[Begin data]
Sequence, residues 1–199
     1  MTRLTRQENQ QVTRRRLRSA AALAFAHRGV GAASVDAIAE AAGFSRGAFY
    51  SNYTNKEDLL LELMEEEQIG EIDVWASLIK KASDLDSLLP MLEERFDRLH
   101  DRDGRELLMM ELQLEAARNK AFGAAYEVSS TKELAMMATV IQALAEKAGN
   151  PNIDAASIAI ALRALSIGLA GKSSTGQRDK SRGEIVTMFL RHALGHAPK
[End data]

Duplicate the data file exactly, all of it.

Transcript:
Sequence, residues 1–199
     1  MTRLTRQENQ QVTRRRLRSA AALAFAHRGV GAASVDAIAE AAGFSRGAFY
    51  SNYTNKEDLL LELMEEEQIG EIDVWASLIK KASDLDSLLP MLEERFDRLH
   101  DRDGRELLMM ELQLEAARNK AFGAAYEVSS TKELAMMATV IQALAEKAGN
   151  PNIDAASIAI ALRALSIGLA GKSSTGQRDK SRGEIVTMFL RHALGHAPK